In addition to audio there are written publications. While reading is typical in any class, written press releases allow students to read more stories taking place in their post-apocalyptic society. Multiple forms of media for news releases reinforces the world building aspect and contributes to a multi-dimensional, fleshed out feel to the course’s setting. An animation, depicting the daily life of the surviving population is also being developed for this course. This is another fun and engaging way to bring the class materials alive. What better way for students to understand their roles than to see for themselves how their constituents live.

Storytelling and world building can be powerful tools for both student engagement and learning that can create memorable experiences. Enriching stories with multimedia creates an immersive experience that entertains as much as it educates. Rorie’s PS 110 is an excellent example of storytelling, world building and leveraging media assets to enhance immersion.

Author: Matt Djubasak

Welcome to the Webcam and Video Tips guide by Oregon State University Ecampus
This brief series of tips is meant to be a beginner’s overview for DIY home recording on webcam, with some additional options suggested if you want to take your video production even further.
Since this document may not cover every issue you encounter while acclimating to DIY video recording, we recommend contacting your school tech person for additional troubleshooting.

WHERE TO START

  • Internet Connection
    • Wired connection via ethernet cable is best
    • If wired connection is not possible, having a clear line of sight to wifi router will give the best wireless connection
    • Disconnect any wifi devices that are not in use or needed.
  • Computer Check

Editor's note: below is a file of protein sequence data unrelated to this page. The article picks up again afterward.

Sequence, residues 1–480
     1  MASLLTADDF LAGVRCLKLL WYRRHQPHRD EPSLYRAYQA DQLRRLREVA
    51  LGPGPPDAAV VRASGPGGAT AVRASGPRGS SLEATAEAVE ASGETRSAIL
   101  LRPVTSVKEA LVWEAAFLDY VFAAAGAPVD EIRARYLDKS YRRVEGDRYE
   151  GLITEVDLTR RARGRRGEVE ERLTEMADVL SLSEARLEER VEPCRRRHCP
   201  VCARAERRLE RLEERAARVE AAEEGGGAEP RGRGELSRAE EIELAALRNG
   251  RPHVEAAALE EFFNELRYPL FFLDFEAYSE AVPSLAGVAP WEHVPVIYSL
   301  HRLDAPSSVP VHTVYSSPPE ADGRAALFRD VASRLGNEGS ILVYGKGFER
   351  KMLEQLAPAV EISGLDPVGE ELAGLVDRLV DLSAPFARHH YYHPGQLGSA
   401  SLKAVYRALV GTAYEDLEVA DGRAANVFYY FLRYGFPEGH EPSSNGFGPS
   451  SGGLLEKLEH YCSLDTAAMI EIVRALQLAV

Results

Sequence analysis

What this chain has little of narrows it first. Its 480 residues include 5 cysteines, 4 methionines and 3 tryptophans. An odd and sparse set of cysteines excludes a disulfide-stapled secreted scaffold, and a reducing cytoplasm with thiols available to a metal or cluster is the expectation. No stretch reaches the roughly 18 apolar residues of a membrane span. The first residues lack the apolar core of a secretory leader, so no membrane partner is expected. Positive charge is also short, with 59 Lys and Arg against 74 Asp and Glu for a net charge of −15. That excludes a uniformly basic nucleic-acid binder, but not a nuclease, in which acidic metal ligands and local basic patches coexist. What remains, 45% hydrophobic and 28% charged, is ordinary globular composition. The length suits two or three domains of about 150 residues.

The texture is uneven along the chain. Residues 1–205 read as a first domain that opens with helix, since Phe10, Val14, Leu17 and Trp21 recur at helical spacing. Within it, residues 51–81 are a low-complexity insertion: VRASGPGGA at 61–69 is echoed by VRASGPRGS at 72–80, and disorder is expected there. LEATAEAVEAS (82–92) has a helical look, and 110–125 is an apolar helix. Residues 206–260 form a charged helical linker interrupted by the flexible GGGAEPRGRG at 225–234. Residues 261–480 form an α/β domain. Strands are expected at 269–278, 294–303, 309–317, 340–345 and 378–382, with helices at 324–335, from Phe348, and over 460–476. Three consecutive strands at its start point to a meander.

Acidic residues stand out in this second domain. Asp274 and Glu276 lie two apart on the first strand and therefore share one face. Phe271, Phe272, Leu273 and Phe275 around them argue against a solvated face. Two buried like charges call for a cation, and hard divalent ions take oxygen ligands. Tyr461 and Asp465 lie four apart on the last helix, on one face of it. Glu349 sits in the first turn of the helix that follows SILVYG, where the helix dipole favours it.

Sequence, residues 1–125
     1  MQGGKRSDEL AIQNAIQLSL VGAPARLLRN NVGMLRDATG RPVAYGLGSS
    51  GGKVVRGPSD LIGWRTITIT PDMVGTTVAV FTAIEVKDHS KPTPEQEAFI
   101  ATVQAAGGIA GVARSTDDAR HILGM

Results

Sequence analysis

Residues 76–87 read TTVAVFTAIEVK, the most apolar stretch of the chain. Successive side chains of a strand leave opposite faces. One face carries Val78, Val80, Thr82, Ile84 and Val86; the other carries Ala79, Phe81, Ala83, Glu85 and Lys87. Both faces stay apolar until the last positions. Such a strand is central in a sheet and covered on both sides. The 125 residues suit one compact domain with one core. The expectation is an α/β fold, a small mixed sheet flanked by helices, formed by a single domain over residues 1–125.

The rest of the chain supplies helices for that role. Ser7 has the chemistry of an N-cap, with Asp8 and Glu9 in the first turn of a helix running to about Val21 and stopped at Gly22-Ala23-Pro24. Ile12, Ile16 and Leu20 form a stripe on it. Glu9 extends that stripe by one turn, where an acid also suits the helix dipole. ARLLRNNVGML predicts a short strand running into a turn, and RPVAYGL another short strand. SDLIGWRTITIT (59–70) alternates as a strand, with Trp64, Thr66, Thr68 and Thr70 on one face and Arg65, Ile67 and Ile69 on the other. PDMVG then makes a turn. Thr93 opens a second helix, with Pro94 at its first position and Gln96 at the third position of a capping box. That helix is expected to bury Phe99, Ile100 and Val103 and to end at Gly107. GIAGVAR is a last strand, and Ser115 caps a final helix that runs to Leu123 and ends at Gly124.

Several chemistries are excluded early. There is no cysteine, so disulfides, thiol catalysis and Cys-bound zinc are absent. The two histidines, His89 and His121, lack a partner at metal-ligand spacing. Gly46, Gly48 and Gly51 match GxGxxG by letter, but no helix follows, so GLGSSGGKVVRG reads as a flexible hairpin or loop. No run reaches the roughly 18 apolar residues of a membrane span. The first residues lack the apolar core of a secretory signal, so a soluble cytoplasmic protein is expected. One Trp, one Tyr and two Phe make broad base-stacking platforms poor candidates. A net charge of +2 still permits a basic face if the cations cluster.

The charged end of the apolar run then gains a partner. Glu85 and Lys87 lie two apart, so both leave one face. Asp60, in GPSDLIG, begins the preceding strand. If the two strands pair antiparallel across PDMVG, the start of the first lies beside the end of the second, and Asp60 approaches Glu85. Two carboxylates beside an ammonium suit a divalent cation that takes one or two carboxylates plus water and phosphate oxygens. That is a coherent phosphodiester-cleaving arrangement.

• Determine if your computer meets minimum system requirements for streaming software
    • Close all non-essential programs to free up more computer resources
    • Disconnect any external monitors if you are on a laptop and it is running slowly
  • Testing Your Tech
    • Does your computer have a built in webcam or do you have a 3rd party webcam?
    • Identify where your microphone is and talk towards it
    • Test the webcam and audio settings BEFORE your first recording. 
    • Practice practice practice
      • The last recording will be better than the first
  • Making sure your voice is clear and easy to understand
    • Having a microphone helps with this
    • Smart phone earbuds have a built-in microphone that can help you with voice clarity
    • Airpods would also work when recording to an iPhone

PRESENCE AND ENVIRONMENT

  • Be aware of your environment.
    • Limit any background noise as much as possible.
    • Clean up your space and be aware of what is in the background of the video.
    • Rooms with carpets and drapes are best for audio.
    • Turn off lights and close windows that are behind you when you are recording.
    • If possible, turn on a light behind the camera.
    • Keep experimenting with lighting until you have a set up that works for you.

  • Try not to bump the desk, computer, camera, or microphone while recording.
    • Typing should also be avoided.
  • Do a test lecture and watch it.
    • See what works and what doesn’t.
    • If possible, get feedback from others